This morning I woke up to the news that United had overhauled their award chart. Beginning February 2014, the value of United MileagePlus miles for international travel will drop to turd-like levels. For example, round-trip Star Alliance awards to Europe in business class can currently be booked for as low as 100,000 miles. Beginning in February, the same awards will cost 140,000 miles when partner airlines are included in the itinerary. It’s even worse for First Class awards which go from 135,000 miles round-trip today to 220,000 miles round-trip in February. That’s a 63% increase!
I was lucky enough to be able to get a top United executive on the phone this morning to answer questions about their award chart devaluation. Here is the enlightening transcript of the interview:
Frequent Miler: Thank you for taking the time to answer questions this morning! I’m not surprised to see higher prices in United’s award chart, but I’m shocked by how extreme the changes are. Why did United decide to go from near best-in-class awards to bottom of the dung pile?
Top United Exec: It’s all about pleasing our customers.
Frequent Miler: What?! How can higher award prices please customers?
Top United Exec: Customers regularly complain about having trouble finding saver level partner awards, especially for international business class and first class trips. With our new award chart, we expect that customers will no longer look for these awards since they’re so expensive. That way, they won’t complain about them.
Frequent Miler: MileagePlus awards on United flights will now be less expensive than awards on partner flights. Won’t that increase competition for United-metal awards and make it harder than ever for customers to find those awards?
Top United Exec: Yes, at first that will be a problem. Soon, though, most of our loyal customers will defect to other airlines. That will result in two positive changes: there will be less competition for awards, and there will be far fewer customers complaining.
Frequent Miler: Surely you could have come up with a better plan for pleasing your customers?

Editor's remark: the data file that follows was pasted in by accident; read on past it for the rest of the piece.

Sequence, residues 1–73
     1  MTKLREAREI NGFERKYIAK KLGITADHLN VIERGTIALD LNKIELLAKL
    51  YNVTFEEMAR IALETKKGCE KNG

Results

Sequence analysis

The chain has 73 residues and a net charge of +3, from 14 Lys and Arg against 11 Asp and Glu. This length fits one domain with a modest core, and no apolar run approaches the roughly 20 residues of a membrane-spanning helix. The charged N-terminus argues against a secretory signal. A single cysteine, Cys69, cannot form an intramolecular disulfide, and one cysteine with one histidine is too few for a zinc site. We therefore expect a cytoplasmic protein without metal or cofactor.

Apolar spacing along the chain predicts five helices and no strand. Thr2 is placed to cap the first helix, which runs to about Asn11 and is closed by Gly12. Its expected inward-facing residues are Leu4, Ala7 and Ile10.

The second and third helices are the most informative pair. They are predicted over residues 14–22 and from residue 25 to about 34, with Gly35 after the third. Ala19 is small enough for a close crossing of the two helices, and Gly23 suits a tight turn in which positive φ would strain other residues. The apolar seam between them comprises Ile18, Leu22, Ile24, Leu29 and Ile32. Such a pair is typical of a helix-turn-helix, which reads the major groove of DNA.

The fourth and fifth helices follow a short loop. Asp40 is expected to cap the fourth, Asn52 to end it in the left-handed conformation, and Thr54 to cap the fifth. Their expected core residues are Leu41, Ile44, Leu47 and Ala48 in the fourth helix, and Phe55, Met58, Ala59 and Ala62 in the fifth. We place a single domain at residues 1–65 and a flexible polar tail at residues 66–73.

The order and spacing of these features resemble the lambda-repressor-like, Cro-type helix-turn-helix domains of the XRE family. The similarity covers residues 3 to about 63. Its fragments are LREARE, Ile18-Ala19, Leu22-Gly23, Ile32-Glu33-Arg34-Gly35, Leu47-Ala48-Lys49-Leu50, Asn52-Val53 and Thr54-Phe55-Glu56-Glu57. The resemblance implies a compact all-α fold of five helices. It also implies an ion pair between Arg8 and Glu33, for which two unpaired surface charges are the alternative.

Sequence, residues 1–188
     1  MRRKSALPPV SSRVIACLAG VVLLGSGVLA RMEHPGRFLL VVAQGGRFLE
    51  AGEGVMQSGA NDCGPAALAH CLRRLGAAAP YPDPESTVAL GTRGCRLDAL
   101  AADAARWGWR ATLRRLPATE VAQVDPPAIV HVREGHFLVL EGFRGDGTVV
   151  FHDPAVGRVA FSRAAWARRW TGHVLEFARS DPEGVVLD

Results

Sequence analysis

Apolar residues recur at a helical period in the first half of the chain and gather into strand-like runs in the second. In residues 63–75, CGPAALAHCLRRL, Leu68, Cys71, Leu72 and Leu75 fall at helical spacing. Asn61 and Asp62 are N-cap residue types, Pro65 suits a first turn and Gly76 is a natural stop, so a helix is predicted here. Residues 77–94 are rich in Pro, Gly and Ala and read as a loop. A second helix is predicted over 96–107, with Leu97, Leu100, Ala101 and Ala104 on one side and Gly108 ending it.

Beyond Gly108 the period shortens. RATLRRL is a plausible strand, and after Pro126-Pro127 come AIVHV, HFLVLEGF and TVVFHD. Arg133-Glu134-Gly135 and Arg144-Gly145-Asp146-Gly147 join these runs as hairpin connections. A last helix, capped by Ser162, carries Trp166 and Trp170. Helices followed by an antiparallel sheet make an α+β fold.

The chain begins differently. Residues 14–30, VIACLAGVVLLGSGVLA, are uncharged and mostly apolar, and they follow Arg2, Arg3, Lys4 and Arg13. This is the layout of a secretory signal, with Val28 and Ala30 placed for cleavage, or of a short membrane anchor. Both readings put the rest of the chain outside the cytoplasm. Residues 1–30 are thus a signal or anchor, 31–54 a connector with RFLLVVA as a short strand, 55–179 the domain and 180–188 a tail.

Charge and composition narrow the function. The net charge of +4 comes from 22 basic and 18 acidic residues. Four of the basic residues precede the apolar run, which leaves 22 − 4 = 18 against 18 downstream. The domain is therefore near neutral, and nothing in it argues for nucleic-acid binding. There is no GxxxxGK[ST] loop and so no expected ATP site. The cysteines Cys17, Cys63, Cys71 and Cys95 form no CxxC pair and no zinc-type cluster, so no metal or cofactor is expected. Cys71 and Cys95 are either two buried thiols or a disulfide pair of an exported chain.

Top United Exec: Of course we’ve tried! Last year we briefly offered awards to Hong Kong for only 4 miles. And, recently, we offered flights for free – no miles required at all! Both of these were hugely popular promotions, but our accountants claim that they didn’t help our business. There’s no pleasing accountants!
Frequent Miler: Aren’t you worried about the negative publicity that will ensue with these changes?
Top United Exec: Not at all. I remember in Marketing 101 class that we were taught that all publicity is good publicity! Or, something like that. Anyway, we’re going to get lots of publicity for free!
Frequent Miler: I still don’t understand why you’re willing to risk losing your loyal customer base. There must be some other reason for this?
Top United Exec: A big motivator was Delta-envy. Ever since Gary Leff coined the term Sky Pesos to represent Delta Sky Miles, we’ve been jealous about not having a similar “in the know” name for our miles. Personally, I’m hoping that Gary will pick up the term “Stardust” when talking about our miles.
Frequent Miler: Stardust?
Top United Exec: Yes, we are part of the Star Alliance and dust isn’t worth much, so Stardust would be an appropriate name. Catchy too.
Frequent Miler: Oh, OK… Thank you for your time with this interview. I need to go now and book awards to use up all of my United miles.
Top United Exec: Too late. All saver level awards have already been booked by others trying to dump their United miles. But, thank you for this chance show the world the value in our new award chart, and to underscore how we always put customers first!
Note about this interview: This interview was entirely made-up with the intention of bringing some humor to today’s award chart tragedy. This is intended to be comedy and therefore, hopefully, exempt from any adverse actions that might be taken by United’s legal teams.